In addition to the financial losses that have been caused by risky investments and scams, many senior citizens have been victimized by family members and financial consultants whom they believed to be reliable and responsible. Often large amounts of money have been drained from their accounts before they realized it.
The mandate for this new agency covers a variety of types of financial elder abuse. In fact, many of us have already benefited from the first actions taken by this agency, including requiring that credit card statements be simplified. The agency is headed by Skip Humphrey, the son of former Vice President Hubert Humphrey. In an interview in the March, 2013 AARP Bulletin, Mr. Humphrey said that the agency's goals are to prevent citizens from getting ripped off and to help people make smart financial decisions.
Consumer Financial Protection Bureau Projects
This new agency has already accomplished a great deal. However, they have many other plans that will help protect both senior citizens and the general public. Here are some of the changes they hope to implement over the next few years:
They plan to investigate credit reporting bureaus and require that they make it easier to fix mixtakes on credit reports.
They are in the process of writing easy-to-read guides to help people choose financial advisors.
They plan to require operators of nursing homes and similar facilities to resolve problems with unpaid bills quickly so they can help officials discover if the person has been scammed or is no longer able to handle their finances because of dementia.
They are writing a guide called "Money Smart for Older Adults" to help people learn how to avoid getting scammed.
Senior citizens will also be encouraged to report scams that occur. Many older Americans are hesitant to report these events because they are embarrassed or afraid that their families will take away their independence.
The agency also plans to tackle the issue of risky reverse mortgages, which have left many senior citizens homeless. This is an issue that has also been discussed before in this blog, so I was especially pleased that some changes may be made to that program.
How to File a Complaint with the Agency
If you feel that you have been scammed or treated unfairly in any financial situation, you can file a complaint with the Consumer Financial Protection Bureau. In fact, you are encouraged to do so because you may help prevent the same thing from happening to others. The agency has set up a website where you can register your complaints and then follow up by tracking their progress. However, for people who are less comfortable with computers, the agency offers a variety of ways you can file a complaint. Here is the agency's contact information:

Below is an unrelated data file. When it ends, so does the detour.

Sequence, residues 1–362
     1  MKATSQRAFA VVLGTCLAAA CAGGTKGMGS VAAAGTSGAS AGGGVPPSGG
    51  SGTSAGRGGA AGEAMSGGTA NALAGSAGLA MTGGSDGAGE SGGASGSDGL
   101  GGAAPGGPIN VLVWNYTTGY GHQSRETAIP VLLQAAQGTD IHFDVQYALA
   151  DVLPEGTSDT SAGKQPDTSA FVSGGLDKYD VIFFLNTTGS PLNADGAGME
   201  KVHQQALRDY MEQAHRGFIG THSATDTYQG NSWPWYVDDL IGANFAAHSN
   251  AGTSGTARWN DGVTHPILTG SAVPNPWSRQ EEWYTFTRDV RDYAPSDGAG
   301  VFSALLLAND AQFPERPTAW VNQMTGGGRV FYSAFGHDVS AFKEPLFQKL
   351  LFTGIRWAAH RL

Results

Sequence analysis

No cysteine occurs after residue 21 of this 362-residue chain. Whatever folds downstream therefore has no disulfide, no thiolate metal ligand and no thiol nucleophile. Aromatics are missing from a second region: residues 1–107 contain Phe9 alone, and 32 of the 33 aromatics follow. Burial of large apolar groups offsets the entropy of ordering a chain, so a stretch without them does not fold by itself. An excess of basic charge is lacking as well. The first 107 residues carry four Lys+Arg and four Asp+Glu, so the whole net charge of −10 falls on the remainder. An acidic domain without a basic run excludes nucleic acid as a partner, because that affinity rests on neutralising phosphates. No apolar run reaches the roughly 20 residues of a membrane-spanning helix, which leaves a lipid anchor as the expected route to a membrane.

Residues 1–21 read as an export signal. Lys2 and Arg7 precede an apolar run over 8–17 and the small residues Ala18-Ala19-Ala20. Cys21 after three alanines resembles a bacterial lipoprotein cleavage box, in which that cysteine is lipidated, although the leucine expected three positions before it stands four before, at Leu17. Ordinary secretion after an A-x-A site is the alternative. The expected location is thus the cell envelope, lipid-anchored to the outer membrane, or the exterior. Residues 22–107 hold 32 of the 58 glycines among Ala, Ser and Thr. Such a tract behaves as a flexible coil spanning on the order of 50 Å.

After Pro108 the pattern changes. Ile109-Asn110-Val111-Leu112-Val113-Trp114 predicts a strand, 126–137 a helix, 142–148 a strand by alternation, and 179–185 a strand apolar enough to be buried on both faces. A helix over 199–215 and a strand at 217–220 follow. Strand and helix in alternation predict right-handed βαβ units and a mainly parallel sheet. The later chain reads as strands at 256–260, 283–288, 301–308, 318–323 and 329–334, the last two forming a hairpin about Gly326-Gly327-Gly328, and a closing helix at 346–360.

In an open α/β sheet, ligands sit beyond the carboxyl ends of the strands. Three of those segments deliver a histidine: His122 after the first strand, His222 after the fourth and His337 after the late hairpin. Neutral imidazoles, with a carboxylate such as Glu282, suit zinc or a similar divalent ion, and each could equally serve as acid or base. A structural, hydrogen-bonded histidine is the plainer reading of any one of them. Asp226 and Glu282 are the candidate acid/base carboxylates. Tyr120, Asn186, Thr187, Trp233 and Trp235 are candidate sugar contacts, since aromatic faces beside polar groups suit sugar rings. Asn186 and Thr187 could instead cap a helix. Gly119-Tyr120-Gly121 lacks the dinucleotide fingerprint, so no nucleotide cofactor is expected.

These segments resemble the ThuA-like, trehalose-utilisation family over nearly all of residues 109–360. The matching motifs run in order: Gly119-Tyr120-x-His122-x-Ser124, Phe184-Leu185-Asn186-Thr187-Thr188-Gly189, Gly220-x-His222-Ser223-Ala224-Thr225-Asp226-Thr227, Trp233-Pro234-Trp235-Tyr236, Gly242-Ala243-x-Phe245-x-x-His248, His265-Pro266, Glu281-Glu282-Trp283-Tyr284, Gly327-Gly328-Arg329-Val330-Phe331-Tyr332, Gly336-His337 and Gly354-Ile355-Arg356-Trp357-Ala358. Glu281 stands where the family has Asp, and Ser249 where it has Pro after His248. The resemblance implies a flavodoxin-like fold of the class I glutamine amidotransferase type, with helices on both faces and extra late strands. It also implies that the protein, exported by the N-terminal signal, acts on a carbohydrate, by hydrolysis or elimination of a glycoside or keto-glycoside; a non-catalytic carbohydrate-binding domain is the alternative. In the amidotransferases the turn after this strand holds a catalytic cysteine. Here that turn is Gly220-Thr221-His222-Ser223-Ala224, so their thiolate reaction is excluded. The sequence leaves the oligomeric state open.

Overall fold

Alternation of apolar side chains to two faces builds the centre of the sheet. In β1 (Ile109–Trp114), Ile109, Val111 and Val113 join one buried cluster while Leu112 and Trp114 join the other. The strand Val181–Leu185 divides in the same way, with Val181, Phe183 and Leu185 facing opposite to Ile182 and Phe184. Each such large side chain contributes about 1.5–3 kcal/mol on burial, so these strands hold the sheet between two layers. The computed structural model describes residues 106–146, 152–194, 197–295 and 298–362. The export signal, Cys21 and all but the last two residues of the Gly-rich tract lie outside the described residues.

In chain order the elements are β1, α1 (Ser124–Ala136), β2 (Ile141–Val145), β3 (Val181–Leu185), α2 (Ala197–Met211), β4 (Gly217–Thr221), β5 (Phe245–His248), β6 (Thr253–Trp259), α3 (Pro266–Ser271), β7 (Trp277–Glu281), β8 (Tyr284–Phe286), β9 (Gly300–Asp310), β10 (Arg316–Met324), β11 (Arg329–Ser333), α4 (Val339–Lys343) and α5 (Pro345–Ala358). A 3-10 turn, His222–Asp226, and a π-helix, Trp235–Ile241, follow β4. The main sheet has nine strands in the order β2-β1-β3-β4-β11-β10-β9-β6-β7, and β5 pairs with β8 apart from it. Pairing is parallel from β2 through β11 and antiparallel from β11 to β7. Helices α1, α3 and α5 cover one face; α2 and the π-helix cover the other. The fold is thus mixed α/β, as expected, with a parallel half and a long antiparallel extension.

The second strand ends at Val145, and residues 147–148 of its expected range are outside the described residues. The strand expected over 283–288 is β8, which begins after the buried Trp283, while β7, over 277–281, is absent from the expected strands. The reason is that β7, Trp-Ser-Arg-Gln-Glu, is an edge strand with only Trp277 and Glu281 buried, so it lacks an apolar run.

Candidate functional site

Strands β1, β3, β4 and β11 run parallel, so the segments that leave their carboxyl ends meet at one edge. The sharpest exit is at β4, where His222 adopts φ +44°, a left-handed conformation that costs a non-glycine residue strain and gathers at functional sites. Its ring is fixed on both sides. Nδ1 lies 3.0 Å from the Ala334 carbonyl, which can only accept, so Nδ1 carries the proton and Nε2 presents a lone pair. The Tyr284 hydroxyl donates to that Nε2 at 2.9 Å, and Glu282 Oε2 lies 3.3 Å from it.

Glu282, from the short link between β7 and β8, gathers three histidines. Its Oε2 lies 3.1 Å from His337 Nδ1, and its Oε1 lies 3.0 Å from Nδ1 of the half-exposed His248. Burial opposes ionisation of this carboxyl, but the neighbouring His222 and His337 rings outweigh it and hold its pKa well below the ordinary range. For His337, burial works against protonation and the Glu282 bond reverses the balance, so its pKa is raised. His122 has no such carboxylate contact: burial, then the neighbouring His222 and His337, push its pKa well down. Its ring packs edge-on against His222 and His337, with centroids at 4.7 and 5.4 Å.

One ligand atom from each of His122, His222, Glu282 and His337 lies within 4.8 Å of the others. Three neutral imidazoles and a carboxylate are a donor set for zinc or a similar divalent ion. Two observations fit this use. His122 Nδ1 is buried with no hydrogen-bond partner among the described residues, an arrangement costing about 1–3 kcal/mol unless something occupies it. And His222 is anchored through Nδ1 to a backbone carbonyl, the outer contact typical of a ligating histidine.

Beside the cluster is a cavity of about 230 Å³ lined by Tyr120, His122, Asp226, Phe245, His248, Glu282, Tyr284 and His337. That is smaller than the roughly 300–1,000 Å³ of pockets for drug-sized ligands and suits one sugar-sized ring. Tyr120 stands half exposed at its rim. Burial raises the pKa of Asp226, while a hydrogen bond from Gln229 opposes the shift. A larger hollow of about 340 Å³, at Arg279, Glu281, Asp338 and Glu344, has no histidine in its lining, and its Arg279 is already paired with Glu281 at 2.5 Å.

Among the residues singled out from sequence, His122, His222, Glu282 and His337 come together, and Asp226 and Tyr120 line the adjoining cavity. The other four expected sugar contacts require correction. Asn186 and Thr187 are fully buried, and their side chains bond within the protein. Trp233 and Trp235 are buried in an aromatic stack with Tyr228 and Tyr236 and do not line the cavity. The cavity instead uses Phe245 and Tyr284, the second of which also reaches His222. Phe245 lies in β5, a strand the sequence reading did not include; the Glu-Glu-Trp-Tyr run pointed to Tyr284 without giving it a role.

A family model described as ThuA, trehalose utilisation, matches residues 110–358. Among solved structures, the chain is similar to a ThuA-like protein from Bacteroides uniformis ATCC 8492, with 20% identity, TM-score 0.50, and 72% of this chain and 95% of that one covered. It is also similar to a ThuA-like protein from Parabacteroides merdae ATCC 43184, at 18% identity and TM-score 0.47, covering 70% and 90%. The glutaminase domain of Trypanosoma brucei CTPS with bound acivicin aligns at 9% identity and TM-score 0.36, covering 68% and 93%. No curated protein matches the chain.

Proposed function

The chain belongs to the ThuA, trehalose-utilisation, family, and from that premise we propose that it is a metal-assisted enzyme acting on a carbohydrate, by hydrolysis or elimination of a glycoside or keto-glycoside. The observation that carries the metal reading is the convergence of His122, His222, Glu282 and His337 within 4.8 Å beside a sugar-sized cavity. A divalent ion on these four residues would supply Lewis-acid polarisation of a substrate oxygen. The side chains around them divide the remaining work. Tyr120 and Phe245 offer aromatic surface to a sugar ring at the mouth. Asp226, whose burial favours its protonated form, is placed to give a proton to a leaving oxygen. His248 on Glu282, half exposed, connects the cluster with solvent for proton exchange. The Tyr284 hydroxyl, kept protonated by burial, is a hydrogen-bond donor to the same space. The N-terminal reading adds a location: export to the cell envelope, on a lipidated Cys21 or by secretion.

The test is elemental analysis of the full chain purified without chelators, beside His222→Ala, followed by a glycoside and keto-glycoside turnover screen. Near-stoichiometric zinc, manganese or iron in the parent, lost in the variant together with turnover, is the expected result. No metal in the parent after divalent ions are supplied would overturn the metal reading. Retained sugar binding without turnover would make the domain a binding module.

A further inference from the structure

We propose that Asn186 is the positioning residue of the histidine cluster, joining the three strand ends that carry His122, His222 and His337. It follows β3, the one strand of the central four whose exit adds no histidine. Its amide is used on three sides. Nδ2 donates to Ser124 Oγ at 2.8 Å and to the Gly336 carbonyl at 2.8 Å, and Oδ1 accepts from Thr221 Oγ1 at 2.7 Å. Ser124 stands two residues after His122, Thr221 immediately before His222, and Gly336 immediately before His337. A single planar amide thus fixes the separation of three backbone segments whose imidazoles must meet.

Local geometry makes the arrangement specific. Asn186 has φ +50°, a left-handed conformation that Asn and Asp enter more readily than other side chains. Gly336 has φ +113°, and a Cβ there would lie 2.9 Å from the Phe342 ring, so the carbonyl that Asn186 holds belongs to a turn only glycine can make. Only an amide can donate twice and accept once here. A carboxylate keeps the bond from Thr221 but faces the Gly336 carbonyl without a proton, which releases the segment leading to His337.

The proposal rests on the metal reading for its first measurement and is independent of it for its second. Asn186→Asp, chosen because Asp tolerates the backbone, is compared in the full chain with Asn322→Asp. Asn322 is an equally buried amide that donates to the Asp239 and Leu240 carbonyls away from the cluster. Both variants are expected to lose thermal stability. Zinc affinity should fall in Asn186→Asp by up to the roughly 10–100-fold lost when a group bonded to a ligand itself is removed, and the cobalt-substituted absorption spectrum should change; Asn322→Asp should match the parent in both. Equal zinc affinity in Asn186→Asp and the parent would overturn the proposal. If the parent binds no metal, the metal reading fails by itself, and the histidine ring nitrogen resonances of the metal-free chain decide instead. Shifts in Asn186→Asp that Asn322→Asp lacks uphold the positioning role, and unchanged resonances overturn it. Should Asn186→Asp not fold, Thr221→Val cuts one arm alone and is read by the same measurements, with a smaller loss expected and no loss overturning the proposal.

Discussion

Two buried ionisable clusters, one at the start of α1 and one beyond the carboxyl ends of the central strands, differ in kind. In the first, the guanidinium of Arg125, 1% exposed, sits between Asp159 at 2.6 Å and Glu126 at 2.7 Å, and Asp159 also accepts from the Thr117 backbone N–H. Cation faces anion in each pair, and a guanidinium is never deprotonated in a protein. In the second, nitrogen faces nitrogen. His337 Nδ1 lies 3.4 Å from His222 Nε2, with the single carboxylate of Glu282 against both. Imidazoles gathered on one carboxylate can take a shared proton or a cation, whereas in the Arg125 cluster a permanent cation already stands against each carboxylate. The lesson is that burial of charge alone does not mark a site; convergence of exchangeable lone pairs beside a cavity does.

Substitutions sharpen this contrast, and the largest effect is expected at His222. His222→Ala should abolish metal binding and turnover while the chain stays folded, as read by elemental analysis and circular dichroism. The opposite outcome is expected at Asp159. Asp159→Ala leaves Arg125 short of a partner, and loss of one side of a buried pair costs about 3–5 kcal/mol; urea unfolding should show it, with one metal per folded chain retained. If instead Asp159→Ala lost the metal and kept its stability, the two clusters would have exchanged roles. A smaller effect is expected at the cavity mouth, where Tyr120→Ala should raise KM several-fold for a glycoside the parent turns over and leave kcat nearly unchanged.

Office for Older Americans
Consumer Financial Protection Bureau
P.O. Box 4503
Iowa City, Iowa 52244
Phone: (855) 411-2372 (toll free)
Fax: (855) 237-2392 (toll free)
Complaint website: consumerfinance.gov/complaint
The more information you give the Consumer Financial Protection Bureau, the better they will be able to do their job. This is especially important because studies indicate that currently only about 4% of victims ever report that they were scammed. Increased reporting will also improve the effectiveness of this new agency.
If you are interested in learning more about ways to have a well-planned retirement, you may want to click on the index articles shown below. Each one contains an introduction plus links to a variety of articles on that topic:
Gifts, Travel and Family Relationships
Great Places for Boomers to Retire Overseas
Great Places to Retire in the United States
Health and Medical Topics for Baby Boomers
Money and Financial Planning for Retirement
You are reading from the blog: http://baby-boomer-retirement.blogspot.com
Photo of older Americans courtesy of www.morguefile.com